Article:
Today marks the 40th anniversary of Pink Floyd’s seminal concept album The Wall, so this week we’re asking:
What is your favorite concept album?
I couldn’t tell you how many times I’ve listened to Pedro The Lion’s Control since it was first released in 2002, but even to this day, I never cease to be amazed at how elegantly constructed the entire affair is. This was the first album that convinced me literary rock music could sell an entire album-length narrative without ever sounding pretentious or oblique. Plus, it does so while delivering a churning blend of angular rock that actually meets and enhances the mix of acid observations and shitty self-serving metaphors from the unnamed protagonist, capturing its dark view of a disastrous marriage.
Pre-prog rock, Frank Sinatra was setting up the whole concept of the concept album with 1955’s In The Wee Small Hours. In the midst of his tumultuous marriage with brunette bombshell Ava Gardner, Sinatra’s vocal emotionality reached new heights (and depressive depths) on this record, which he privately referred to as the Ava album, with tracks like “Mood Indigo” and “When Your Lover Has Gone” perfect for solitary wallowing. The all-encompassing concept here is “My heart just got kicked in the gut.” If you’re in a similar state there is no better breakup soundtrack, but In The Wee Small Hours also works if you just feel like staying indoors for the weekend, drawing the curtains and hanging out with the amber liquor.
If you’d told me five years ago that an album of songs about professional wrestling would become one of my most listened-to of all time, I’d have accused you of taking a few too many German suplexes to the skull. And yet, this is the power of The Mountain Goats’ Beat The Champ, John Darnielle’s glorious exploration of the grandeur, energy, and deep-set sadness of the Game Of Kings (Who Like To Wrassle). From the breathless energy of “Choked Out” to the melancholy compromises of “Heel Turn 2,” BTC covers the full sweep of human emotions and experiences—just like wrestling itself.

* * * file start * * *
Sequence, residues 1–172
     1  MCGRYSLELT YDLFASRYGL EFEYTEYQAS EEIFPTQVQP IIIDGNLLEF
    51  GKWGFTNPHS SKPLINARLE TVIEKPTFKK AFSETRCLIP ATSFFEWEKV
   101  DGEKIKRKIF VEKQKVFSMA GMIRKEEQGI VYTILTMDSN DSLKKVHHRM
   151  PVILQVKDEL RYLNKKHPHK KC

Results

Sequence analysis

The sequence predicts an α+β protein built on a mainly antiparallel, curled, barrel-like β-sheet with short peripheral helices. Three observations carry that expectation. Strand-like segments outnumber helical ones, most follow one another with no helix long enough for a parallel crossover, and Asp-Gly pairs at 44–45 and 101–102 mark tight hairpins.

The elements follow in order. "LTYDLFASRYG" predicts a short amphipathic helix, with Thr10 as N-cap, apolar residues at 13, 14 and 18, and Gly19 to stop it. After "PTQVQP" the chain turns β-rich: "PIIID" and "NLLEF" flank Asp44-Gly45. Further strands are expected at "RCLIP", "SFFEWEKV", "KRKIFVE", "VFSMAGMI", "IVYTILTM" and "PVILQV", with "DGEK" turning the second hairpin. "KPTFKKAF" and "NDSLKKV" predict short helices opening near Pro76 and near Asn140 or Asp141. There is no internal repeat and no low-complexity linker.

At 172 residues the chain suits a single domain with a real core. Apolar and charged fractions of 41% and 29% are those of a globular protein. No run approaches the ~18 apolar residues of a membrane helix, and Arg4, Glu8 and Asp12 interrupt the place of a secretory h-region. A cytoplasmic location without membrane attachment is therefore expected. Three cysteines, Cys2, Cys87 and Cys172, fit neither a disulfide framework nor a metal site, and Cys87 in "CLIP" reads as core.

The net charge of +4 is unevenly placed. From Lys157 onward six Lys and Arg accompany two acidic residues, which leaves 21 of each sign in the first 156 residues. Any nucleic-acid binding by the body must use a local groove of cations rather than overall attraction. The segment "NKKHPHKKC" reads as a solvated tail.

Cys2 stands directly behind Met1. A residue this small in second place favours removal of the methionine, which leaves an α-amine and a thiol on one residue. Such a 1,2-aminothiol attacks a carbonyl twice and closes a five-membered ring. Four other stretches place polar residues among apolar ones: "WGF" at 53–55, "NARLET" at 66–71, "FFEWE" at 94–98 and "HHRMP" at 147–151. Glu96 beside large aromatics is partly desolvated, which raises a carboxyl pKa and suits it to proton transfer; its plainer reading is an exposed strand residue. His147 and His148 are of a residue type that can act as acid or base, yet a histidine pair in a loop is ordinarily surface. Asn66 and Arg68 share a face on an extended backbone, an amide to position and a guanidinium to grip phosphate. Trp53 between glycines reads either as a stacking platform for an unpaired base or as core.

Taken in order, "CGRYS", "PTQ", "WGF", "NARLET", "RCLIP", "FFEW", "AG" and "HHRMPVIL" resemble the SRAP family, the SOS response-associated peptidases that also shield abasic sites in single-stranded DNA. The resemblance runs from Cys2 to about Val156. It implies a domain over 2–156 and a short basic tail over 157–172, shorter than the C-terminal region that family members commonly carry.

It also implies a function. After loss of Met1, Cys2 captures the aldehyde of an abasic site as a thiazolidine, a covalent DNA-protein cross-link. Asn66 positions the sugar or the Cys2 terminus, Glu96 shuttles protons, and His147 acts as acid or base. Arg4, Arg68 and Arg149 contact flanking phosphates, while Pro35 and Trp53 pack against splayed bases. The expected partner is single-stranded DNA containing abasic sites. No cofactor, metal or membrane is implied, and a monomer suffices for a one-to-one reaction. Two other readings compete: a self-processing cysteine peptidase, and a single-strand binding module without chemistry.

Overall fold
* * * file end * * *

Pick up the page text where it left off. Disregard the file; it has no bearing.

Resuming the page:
I’ve got four words for you: Mega Man rock opera. That’s the gimmick behind The Protomen, but the actual band and its incredible Act II album are so much better than even that extremely enticing description would imply. The premise of the games is used as a jumping-off point (bad scientist makes bad robots, good scientist makes a good robot). But The Protomen use that—and some unexpectedly good songwriting talents—to tell a surprisingly powerful story about standing up and fighting for what you believe in… that just happens to be told through a bunch of endearingly straight-faced power ballads about robots.
“I Am An Excellent Steel Horse,” the first track on Rock Plaza Central’s Are We Not Horses?, is quite literally about horses made of steel. The whole LP, which rocketed the twangy Toronto collective out of obscurity back in 2006, is built around mechanical horses programmed to think they’re living, breathing ones. That concept permeates the narrative thrust—singer and lyricist Chris Eaton is also a novelist—but also the album’s sonic makeup: There’s a clip-cloppy nature to the percussion, which occasionally replicates the animal’s snorts and whinnies, and a rustic, dust-spackled vibe emanating from the ever-present strains of banjo, violin, and brass. Are We Not Horses? isn’t a three-act tale, but rather an atmospheric, thoughtful riff on the questions of identity, authenticity, and deception buried in that evocative premise.